Every year, thousands upon thousands of tourists descend on the tiny island of Koh Tao (Turtle Island – sadly named for the shape of the island rather than due to a resident population of endangered critters). The main draw? Diving. Kat and I were no different.
Koh Tao is Thailand’s dive Mecca. In fact, it’s one of the top three most common places to get PADI certified in all of Asia. Why? It’s cheap; you can dive all year round; and it’s bloody brilliant. The water is crystal clear. We had up to 50m of visibility and the corals are stunning – a real step up from where we’d done our Open Water course on Koh Mak, which is just a few hundred kilometres away on the other side of the Gulf of Thailand.
Our slightly last minute decision to come here was made with the Philippines firmly in our minds, where, fingers crossed, some WW2 wrecks awaited us. To explore these properly, we needed a lot more diving experience and primarily the Advanced Open Water certificate. For those of you that don’t know (we certainly didn’t a few months ago!), the PADI Advanced Open Water course is all about improving your skills underwater, and exposing you to new and slightly more challenging situations, whilst having an instructor on hand to guide you through it. It consists of 5 dives, some of which are compulsory (underwater navigation and a ‘deep’ dive to 30m), and three optional dives, where you can choose from quite a wide range of different scenarios such as underwater photography, fish identification or diver propulsion vehicle (James Bond eat your heart out). The idea is that you pick whichever 3 interest you the most, or will be most relevant to the diving you want to do. In reality, you get a bit less choice, as some dive centres (including Coral Grand where we were staying) insist you do the ‘Peak Performance Buoyancy’ dive as an additional compulsory. It was actually really useful, and we both felt that our control underwater improved significantly – I guess that’s kind of the point! Our two other choices chose themselves – a night dive, and a wreck dive.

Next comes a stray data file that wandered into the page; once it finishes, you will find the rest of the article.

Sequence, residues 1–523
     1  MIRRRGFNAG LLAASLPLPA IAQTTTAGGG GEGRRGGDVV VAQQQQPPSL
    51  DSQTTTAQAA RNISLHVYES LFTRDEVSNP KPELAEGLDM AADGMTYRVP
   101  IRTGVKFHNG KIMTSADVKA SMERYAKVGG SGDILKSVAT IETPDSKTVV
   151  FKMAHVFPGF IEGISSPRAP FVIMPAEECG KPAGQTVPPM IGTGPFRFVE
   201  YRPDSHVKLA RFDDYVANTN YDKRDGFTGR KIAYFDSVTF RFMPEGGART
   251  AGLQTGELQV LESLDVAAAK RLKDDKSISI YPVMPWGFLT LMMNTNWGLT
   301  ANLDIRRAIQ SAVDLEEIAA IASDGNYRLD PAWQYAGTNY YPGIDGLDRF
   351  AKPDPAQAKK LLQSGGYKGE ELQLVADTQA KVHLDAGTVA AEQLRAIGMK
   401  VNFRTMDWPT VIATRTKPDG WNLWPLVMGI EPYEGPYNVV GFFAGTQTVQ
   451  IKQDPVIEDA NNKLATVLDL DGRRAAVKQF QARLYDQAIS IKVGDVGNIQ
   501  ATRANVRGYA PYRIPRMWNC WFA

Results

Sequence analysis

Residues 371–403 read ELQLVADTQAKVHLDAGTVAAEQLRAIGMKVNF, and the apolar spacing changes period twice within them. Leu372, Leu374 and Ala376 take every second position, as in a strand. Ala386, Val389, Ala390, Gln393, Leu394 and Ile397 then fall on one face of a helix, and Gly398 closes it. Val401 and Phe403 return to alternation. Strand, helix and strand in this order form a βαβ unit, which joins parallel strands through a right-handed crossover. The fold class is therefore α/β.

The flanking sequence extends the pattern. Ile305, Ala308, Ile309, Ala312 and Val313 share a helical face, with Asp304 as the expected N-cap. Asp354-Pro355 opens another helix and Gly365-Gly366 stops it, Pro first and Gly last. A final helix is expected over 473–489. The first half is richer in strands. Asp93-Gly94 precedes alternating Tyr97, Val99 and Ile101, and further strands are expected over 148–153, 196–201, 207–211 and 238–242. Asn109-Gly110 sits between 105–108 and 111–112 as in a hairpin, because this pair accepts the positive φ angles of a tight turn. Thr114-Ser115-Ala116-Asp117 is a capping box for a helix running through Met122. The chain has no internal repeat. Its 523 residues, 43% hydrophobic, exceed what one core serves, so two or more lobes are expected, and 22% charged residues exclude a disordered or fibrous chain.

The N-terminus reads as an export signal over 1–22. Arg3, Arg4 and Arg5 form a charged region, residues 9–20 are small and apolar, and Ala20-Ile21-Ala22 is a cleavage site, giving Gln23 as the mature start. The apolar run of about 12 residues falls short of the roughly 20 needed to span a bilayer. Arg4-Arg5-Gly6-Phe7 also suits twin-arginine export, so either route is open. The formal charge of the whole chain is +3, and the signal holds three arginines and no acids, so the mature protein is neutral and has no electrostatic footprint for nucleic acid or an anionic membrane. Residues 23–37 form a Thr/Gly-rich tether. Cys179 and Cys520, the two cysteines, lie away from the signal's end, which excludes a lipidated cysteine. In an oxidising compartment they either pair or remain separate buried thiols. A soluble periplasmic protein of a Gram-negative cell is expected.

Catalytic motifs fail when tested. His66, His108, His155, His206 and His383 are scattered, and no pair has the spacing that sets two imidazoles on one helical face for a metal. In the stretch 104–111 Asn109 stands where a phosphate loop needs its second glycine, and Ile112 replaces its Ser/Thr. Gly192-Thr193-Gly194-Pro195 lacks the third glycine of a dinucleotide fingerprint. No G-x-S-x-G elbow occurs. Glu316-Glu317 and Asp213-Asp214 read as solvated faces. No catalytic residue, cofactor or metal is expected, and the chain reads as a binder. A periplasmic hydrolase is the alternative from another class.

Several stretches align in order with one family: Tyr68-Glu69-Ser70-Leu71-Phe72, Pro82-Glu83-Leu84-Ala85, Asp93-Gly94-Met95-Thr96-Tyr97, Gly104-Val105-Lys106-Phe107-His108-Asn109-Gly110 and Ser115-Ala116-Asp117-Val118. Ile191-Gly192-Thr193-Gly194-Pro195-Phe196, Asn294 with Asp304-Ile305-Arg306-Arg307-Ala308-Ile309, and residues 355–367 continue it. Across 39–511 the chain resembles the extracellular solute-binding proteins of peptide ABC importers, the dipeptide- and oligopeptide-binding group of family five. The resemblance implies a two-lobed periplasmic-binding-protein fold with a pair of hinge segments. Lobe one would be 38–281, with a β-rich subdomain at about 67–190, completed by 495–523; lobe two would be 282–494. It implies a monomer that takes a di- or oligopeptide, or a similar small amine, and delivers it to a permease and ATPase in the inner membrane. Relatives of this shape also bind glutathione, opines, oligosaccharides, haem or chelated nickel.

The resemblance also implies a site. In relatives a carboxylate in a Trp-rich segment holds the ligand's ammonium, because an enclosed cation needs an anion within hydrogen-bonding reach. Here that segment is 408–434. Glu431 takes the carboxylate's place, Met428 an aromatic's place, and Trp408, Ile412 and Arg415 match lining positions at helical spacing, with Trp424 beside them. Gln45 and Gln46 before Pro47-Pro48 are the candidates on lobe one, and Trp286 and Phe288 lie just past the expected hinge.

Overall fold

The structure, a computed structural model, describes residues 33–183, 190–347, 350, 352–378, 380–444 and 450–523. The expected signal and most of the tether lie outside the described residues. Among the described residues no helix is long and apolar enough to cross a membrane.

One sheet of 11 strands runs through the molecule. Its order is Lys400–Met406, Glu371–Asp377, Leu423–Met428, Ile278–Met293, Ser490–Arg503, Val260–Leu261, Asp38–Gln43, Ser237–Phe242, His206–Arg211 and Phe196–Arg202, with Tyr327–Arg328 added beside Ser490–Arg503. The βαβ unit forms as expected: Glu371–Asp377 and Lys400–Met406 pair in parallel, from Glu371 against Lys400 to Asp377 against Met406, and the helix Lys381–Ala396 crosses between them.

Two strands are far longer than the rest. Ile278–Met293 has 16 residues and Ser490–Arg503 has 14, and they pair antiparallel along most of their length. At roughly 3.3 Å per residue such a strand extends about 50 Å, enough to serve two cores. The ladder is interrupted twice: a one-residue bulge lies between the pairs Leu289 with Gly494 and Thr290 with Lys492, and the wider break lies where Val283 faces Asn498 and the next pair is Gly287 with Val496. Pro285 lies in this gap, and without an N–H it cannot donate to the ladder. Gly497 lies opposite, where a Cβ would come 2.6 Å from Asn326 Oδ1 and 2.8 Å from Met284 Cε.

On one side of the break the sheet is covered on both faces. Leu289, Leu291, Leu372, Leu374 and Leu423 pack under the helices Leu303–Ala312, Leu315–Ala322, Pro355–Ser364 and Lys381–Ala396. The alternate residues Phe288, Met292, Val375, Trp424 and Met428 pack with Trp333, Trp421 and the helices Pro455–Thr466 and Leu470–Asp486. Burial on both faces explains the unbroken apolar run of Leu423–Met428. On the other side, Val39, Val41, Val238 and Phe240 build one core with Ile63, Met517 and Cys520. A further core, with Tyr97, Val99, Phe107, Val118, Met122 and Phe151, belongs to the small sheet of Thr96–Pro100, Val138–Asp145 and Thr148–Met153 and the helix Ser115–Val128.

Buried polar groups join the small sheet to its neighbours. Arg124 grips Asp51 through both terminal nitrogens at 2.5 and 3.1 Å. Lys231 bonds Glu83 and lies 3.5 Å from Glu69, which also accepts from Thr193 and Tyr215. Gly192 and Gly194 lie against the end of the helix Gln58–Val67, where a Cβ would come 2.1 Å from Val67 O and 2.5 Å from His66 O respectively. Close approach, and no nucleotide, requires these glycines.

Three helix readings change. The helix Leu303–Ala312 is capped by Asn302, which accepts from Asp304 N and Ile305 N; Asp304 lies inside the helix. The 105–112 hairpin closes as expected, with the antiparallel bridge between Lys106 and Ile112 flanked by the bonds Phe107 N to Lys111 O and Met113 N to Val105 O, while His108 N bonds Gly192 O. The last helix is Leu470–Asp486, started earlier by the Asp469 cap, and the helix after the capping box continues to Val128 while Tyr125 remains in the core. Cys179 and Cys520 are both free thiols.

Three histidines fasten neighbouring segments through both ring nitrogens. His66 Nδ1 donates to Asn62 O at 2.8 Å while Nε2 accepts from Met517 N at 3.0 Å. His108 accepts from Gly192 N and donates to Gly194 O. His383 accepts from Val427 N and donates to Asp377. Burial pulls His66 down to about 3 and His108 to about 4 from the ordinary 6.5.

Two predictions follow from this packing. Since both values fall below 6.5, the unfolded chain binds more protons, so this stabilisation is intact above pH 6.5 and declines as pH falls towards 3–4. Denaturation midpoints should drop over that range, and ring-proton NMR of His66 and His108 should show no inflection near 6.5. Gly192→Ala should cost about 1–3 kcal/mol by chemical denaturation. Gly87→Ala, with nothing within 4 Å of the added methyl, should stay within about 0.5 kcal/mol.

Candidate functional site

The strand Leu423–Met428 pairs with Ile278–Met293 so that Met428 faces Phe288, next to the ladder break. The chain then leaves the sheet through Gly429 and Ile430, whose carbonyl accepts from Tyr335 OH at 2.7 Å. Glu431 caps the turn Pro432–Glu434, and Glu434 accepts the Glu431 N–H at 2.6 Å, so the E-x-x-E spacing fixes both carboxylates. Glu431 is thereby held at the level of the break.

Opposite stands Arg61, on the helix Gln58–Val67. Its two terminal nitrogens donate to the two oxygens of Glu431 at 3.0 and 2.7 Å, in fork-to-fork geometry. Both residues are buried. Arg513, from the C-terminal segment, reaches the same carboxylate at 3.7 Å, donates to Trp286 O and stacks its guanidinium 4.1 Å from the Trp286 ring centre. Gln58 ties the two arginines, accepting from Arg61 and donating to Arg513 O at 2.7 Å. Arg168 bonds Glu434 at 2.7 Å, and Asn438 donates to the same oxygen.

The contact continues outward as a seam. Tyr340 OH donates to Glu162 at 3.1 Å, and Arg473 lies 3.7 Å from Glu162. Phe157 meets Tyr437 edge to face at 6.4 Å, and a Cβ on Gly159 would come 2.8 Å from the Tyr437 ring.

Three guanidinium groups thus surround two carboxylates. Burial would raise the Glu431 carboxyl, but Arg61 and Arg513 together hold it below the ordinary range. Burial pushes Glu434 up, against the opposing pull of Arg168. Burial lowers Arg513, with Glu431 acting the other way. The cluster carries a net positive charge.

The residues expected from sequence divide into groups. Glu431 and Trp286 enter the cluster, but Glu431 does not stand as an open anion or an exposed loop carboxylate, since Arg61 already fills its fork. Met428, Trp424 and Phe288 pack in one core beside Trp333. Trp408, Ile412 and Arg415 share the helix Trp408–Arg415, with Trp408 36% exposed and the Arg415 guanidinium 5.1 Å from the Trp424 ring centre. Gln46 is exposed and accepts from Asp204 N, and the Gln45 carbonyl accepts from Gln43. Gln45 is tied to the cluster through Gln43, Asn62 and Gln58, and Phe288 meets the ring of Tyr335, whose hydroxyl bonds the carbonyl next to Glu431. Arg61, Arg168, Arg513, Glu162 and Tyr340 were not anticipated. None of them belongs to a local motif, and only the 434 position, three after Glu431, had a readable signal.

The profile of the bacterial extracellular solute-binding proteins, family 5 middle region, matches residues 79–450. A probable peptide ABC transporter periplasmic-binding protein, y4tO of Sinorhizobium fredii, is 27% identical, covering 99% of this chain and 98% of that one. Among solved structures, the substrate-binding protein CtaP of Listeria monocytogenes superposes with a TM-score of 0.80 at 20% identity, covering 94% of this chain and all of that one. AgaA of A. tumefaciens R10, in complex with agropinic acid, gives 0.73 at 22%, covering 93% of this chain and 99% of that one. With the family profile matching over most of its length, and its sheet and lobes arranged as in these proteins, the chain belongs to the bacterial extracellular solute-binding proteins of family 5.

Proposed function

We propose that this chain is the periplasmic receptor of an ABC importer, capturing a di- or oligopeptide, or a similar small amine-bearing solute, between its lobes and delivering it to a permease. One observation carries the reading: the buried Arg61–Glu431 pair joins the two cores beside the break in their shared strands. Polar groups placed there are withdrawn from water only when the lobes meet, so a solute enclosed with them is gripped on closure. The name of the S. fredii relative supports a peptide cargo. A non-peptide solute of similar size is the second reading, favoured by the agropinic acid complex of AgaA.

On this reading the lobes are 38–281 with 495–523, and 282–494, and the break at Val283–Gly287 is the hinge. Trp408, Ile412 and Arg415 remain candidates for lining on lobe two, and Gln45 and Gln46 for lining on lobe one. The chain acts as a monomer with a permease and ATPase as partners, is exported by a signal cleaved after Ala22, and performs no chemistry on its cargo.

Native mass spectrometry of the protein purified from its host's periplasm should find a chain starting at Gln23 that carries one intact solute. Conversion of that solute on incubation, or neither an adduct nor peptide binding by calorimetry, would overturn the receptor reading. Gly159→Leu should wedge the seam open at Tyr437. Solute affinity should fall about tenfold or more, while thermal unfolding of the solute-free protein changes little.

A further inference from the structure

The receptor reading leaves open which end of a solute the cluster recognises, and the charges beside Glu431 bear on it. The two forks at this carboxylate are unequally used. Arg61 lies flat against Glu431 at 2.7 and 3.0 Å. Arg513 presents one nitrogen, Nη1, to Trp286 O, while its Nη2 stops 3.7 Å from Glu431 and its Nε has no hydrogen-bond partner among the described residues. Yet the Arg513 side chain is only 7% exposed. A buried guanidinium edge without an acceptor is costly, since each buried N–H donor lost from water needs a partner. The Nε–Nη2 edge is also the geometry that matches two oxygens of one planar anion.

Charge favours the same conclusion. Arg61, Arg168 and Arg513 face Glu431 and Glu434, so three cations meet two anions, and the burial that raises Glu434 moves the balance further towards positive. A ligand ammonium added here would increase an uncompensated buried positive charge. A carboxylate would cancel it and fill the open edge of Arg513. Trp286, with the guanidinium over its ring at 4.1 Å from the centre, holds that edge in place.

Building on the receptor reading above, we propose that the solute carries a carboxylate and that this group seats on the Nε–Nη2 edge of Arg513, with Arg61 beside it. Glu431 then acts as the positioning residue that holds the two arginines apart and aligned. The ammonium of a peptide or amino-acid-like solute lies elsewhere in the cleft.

The torch lit night dive was incredible and a real experience. The ocean is a totally different place at night, with different species being active, especially stingrays. I think the clear highlight was spotting a turtle sleeping under a rock!
The wreck dive was the other main highlight of the course. An old US (and later Thai) navy destroyer was donated to the marine reserve and sunk in 2011 as an artificial reef, and it makes a fantastic dive site. There are big schools of fish; grouper who have made themselves at home in the wheelhouse; and coral that is just starting to grow on the hull. We also saw a big barracuda on patrol – watch those fingers!
All told. we were really pleased with our dive course. Yes, the centre had a bit of a feeling of a factory that just churns out newly qualified divers, but to be honest that was perfect for us and exactly what we needed. There is after all. A reason why it’s so popular – the diving is really, really good.